The government has announced a raft of new immigration rule changes today aimed at ensuring New Zealand gets the right mix of skills from its migrant workers.
The rules include new two pay settings which will now be used to determine what constitutes a highly skilled job.
Immigration Minister Michael Woodhouse revealed in Queenstown today that the Government plans to introduce remuneration thresholds for both permanent and temporary skilled migrants.
The move, which aims to ensure that migrants aren't taking lower skilled jobs that could be done by Kiwis, will see a new remuneration threshold set at the New Zealand median income of $49,000.
Anyone who earns less than that amount will no longer be classified as highly-skilled, regardless of whether their job may have been classified that way previously.
Permanent residence applicants will no longer be able to claim points for jobs that are considered skilled but are paid below the median income.
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Source: 1 NEWS
Mr Woodhouse also revealed the Government is proposing that those eligible for a temporary 'Essential Skills' work visa, but who earn less than the threshold will still be able to work here, however they will be limited to a maximum time in country duration of three years.
A second threshold will be set at $73,000 - one-and-a-half times the median income. Anyone who earns more than that amount will automatically be classified as highly skilled.
Permanent residence applicants will be allowed to claim points for jobs that are not currently considered skilled, but are paid above the higher threshold.
Temporary work visa holders earning over the threshold will be automatically be classified as higher skilled. This means they will not be subject to the "same time in country constraints as those considered lower-skilled".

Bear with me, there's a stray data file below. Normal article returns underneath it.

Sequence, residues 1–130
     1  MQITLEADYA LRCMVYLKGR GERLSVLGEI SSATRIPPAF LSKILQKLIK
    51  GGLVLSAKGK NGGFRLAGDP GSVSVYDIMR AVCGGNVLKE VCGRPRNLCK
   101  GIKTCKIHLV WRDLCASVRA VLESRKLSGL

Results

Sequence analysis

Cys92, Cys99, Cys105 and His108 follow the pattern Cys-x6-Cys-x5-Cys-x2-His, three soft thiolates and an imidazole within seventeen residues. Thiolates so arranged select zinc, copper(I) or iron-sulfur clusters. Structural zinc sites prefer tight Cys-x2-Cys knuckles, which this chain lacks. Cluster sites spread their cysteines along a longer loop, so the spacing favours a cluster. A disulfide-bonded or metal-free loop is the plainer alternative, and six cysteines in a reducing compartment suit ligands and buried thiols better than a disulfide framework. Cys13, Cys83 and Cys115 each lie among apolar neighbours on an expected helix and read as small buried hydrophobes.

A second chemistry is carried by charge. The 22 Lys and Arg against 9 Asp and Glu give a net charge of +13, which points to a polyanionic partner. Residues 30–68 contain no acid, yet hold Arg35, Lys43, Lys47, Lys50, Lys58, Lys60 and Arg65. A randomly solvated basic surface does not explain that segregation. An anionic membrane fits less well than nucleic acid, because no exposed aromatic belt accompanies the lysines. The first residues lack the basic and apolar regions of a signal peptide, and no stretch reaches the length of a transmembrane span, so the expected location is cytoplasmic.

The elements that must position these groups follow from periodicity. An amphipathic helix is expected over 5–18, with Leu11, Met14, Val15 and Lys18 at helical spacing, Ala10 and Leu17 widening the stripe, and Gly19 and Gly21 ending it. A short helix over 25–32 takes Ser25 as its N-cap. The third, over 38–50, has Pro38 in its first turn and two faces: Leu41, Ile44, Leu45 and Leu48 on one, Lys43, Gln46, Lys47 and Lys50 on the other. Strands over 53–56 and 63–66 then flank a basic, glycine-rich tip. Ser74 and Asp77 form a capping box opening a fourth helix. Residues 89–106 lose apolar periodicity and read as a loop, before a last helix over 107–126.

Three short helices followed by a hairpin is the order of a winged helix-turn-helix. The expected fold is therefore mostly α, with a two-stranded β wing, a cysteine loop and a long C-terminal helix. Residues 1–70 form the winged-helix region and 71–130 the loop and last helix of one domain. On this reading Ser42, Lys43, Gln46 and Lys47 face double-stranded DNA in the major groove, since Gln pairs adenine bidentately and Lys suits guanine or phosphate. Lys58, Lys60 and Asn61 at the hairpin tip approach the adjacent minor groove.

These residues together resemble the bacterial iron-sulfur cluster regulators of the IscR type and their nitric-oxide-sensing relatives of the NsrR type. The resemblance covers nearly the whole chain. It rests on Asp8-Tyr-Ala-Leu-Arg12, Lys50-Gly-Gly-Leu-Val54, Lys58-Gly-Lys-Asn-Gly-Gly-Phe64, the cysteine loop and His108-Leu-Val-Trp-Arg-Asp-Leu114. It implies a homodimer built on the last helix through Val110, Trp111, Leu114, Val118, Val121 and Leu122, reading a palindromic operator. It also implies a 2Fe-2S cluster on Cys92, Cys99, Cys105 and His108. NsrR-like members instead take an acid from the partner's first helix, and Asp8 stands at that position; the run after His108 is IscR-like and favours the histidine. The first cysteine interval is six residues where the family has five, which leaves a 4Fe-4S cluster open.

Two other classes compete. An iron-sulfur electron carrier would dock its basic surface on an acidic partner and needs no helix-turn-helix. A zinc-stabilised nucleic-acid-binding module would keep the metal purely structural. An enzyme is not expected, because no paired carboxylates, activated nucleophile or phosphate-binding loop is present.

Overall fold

Mr Woodhouse said the new requirements would only apply to visa applications made after the policy is introduced.
"I also want to make it crystal clear that employers will be able to continue using migrant labour when they can demonstrate a real labour or skills shortage and that they cannot find New Zealanders for the job," he said.
"But we're also setting a challenge to employers to take on more New Zealanders and invest in the training needed to upskill them."
'One-off pathway to residence in South Island'
Mr Woodhouse said a new policy would be to provide a "one-off pathway to residence for those lower-skilled temporary migrants" already in the South Island.
"Eligible migrants will be granted an initial Work to Residence temporary visa, which will make them eligible for residence in two more years provided they stay in the same industry and region," he said.
Source: 1 NEWS
Record immigration rates have been in the news recently, and opposition parties say the huge number of newcomers is a major reason for Auckland's housing shortage.